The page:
Before it closed its doors several years ago, my family and I had a long tradition of being born at Bath Memorial Hospital. All except my brother, who came into the world at Parkview, which was a small, faith-based hospital in Brunswick (he always had to be different.)

The year was 1976. Although I was barely 2 years old, I remember my father lifting me up to peer through the nursery window at this life-changing new baby.

When Dr. Ron Bettle moved to Brunswick in 1948, he found a growing, progressive town with a U.S. Navy air base, a famous liberal arts college, and 12,000 residents. The only hospital in town, however, was an old three-story wooden house on Union and Center streets. It had no elevator or fire escape, and patients had to be carried up and down stairs on stretchers.

Dr. Bettle did some surgical work at the Bath hospital, but it was 10 miles away and difficult to get to in bad weather. Clearly, Brunswick needed a modern hospital of its own.

According to “Parkview, The Story of a Miracle,” by Ruth Bettle, Dr. Bettle was the medical secretary for the Northern New England Conference of the Seventh-Day Aventists. He tried to interest the group in sponsoring a hospital, but was turned down. So instead, he formed a small group of other Seventh-Day doctors and laymen to start the project.

First they needed a location, and Bettle found a 25-acre lot on upper Maine Street that had a beautiful stream running through it. The owner turned out to be Edward J. Raymond, who was Dr. Bettle’s barber, and one of his patients. There was no money to buy the property, but Bettle organized a group of Adventist businessmen, purchased the lot, and created the mission statement that would serve Parkview for decades:

“To treat the whole man, physical, mental, and spiritual, within a Christian atmosphere.

“To make health education a prominent part of the program, helping people not only to get well but to stay well through a rational plan of living.

“To be a hospital of scientific excellence.”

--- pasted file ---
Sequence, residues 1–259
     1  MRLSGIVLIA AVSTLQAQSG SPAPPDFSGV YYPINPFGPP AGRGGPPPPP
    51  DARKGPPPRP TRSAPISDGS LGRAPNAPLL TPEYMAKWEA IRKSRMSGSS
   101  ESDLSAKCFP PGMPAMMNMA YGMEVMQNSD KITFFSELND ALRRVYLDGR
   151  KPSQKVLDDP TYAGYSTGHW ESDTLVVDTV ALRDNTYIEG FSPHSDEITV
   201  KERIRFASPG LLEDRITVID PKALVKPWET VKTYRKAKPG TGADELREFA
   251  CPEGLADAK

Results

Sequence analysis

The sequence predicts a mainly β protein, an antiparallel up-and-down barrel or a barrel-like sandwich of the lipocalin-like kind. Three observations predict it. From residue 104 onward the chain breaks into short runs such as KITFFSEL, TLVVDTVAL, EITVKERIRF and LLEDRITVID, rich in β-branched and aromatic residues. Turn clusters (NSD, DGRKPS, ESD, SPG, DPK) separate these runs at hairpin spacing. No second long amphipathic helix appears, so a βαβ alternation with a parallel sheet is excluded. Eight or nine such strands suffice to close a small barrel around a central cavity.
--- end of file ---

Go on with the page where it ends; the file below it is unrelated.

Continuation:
Raising money from the town would prove difficult. The people of Brunswick knew little of the Adventists or their medical institutions. There were only 47 Adventists in Brunswick and Freeport, and they didn’t even have their own church building. How would they build a half-million dollar hospital? They also faced a possible zoning issue with building a hospital in the Navy base’s flight zone.

The group’s chief fundraiser wanted them to drop the religious affiliation. Worst of all, another group immediately formed to build a competing, nonsectarian hospital (Regional Memorial). Many thought that Brunswick could not support two hospitals. Rumors swirled that the religious leaders of the hospital would not allow patients to smoke, watch TV, eat meat, or eat anything at all.

Despite these challenges, fundraising began in earnest and ground was broken in 1958. Twenty-five more acres were purchased for parking and growth, and Parkview opened its doors in 1959.

The hospital continued to expand over the years, adding an obstetrics wing in 1964, an intensive care unit in 1968, and eventually a two-story addition and a medical building.

Parkview served the Brunswick community for decades, but the financial pressures of running a small, independent hospital became an issue. Competition with Regional Memorial was difficult, especially after the latter hospital merged with Bath Memorial and built the new Mid Coast Hospital east of Cook’s Corner.

Parkview filed for bankruptcy in 2015 and was acquired by Mid Coast. News articles at the time reported that there would be no layoffs, and Parkview staff would become Mid Coast employees. Parkview’s emergency department closed, but other medical procedures are still performed there.


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